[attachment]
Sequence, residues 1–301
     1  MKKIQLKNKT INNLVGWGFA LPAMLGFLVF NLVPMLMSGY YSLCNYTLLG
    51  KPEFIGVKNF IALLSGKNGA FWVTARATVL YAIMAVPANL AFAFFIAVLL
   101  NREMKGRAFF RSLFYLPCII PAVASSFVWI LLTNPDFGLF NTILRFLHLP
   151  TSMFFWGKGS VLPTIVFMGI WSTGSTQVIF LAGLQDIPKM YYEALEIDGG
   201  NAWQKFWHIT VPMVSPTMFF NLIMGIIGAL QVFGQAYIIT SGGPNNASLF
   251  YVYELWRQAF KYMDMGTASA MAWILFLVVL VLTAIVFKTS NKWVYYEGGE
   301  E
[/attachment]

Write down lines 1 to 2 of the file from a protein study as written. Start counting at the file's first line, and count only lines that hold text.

Sequence, residues 1–301
     1  MKKIQLKNKT INNLVGWGFA LPAMLGFLVF NLVPMLMSGY YSLCNYTLLG